Only in Autumn 2017, after the Islamic Games, did the IWF impose a ban on nine nations, including Azerbaijan.
Another favour by Aján for his rich friends? The German Weightlifting Federation’s President Christian Baumgartner, who has long fought for more consistent anti-doping policies, is shocked and says: “You are certainly not wrong about that”.
It remains to be seen if investigators will reveal quid pro quo for Aján. The fact is: His son got a job from an Azerbaijani company in 2016 – a commercial register entry identifies him as director of SilkWay Italia.
SilkWay’s mother company is owned by private owners from Azerbaijan’s elite. According to corruption experts, the holding company emerged from a highly dubious privatisation of parts of the state-owned airline AZAL. The airline whose boss is Jahangir Askerov, the Azerbaijani weightlifting President.
Just a coincidence? Aján did not respond to questions about this. The Azeri affair may give a hint about why other potential doping cases were not followed up during Aján’s empire.
Investigations in Hungary – led by the National Bureau of Investigation, Financial Crime and Anti-Corruption Department – are ongoing. Already in April, during a raid of the IWF headquarters, the investigators seized all accounting books.
In the meantime, they have also gained access to Aján’s private accounts and assets. The investigators are currently preparing a forensic report. The most important question: How much of the US$10.4 million that the McLaren report regarded as ‘unaccounted for’ from IWF bank accounts, is actually missing? In other words: How much may have ended up in Aján’s private pockets?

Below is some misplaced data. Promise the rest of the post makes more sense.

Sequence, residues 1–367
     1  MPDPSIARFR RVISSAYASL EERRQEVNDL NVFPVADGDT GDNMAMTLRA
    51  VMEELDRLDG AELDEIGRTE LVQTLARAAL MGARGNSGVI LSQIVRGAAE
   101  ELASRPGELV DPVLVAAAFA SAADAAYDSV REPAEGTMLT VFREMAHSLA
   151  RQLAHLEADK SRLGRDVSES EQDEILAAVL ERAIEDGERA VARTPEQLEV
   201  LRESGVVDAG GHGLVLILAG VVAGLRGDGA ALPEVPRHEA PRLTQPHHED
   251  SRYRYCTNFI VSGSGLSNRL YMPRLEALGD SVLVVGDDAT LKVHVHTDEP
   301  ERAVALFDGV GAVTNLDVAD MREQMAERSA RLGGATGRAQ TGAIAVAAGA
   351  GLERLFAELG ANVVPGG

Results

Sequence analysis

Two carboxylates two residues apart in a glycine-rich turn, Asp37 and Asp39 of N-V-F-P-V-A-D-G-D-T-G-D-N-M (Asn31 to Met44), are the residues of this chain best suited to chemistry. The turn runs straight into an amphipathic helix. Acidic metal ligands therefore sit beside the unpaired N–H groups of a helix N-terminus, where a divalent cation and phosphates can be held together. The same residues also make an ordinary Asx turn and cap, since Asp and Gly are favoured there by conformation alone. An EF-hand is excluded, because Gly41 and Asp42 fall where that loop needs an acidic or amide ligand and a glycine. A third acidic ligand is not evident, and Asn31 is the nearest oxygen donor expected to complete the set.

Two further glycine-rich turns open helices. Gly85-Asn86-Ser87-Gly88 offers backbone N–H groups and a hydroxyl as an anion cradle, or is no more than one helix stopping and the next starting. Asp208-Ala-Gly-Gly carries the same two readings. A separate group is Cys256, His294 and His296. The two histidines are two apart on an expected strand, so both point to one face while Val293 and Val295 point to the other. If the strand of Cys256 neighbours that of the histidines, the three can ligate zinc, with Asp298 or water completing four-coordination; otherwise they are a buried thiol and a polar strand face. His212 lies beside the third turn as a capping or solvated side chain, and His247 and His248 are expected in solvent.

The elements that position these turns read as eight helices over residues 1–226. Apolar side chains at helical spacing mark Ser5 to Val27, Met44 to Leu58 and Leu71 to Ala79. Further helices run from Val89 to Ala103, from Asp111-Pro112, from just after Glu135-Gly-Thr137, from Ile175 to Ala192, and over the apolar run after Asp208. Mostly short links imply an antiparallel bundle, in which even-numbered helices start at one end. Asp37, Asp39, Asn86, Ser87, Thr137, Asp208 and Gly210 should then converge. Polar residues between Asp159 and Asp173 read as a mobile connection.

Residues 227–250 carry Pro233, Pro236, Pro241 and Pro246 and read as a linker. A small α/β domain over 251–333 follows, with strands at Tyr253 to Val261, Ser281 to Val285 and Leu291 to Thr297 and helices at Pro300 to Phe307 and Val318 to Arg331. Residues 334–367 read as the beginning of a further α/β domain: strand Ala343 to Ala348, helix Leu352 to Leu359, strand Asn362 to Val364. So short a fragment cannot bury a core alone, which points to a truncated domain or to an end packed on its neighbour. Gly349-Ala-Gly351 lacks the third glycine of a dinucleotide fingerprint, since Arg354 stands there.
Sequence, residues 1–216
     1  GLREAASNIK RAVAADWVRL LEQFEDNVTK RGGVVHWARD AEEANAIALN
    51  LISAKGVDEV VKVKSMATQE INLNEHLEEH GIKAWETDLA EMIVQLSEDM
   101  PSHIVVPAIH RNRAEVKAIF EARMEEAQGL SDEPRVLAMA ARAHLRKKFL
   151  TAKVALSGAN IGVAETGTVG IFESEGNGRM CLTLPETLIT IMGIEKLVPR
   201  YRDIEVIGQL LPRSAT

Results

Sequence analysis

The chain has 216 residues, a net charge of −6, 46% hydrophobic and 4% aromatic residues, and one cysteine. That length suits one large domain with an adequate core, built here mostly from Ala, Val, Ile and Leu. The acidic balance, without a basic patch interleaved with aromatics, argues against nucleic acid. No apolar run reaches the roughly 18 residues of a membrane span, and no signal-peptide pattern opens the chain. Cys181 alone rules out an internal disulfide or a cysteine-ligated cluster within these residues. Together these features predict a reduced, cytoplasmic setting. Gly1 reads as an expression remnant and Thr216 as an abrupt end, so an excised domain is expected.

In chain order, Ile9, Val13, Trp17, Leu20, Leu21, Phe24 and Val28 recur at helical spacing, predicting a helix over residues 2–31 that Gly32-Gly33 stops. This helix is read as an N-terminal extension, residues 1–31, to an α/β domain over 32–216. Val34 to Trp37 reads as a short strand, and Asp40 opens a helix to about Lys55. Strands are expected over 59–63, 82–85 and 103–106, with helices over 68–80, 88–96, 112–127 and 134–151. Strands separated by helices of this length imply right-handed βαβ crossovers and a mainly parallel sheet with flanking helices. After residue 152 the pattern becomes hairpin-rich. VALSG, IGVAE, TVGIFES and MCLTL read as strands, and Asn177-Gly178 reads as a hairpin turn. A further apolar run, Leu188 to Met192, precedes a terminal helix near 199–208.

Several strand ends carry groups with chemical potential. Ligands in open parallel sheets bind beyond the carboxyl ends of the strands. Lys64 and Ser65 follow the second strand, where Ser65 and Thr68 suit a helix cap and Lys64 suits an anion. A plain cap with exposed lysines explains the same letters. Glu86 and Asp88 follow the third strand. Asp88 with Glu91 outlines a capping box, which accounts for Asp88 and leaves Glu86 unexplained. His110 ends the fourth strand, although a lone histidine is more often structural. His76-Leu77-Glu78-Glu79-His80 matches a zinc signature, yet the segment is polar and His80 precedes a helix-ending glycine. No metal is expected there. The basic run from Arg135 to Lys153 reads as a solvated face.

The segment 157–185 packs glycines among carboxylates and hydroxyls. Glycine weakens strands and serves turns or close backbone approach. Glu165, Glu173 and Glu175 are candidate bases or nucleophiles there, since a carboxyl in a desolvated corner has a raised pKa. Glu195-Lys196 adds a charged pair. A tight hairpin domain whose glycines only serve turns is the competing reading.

The Hungarians have found a partner whose interest in the weightlifting czar has not yet been made public: the FBI.
In the weightlifting family, it was no secret that Aján regularly spent holidays on Florida’s Gulf coast, in a luxury real estate belonging to his family. But to the surprise of the FBI, Aján even had a social security number in the USA for decades. Such number is a prerequisite for opening bank accounts, and it also opens a direct route for investigators to trace money flows.
The FBI is about to look into some interesting questions: Where, for example, did the money vanish that Aján is said to have collected personally in cash during the 2015 World Championships in Houston? Fees for participation, referee licences and other things? Allegedly around US$100,000 which, according to sources close to the investigation, did not end up in the IWF accounts in Hungary, not even in the one named ‘Vilag Kupa’ (World Championship).
Why did the IWF for many years transfer a monthly amount to an account of the Wells Fargo Bank in Colorado Springs, calling the transfer purpose ‘Panam coaching’? And that’s not all: Strange deals between the IWF headquarters and South American national weightlifting federations have also attracted the interest of the FBI.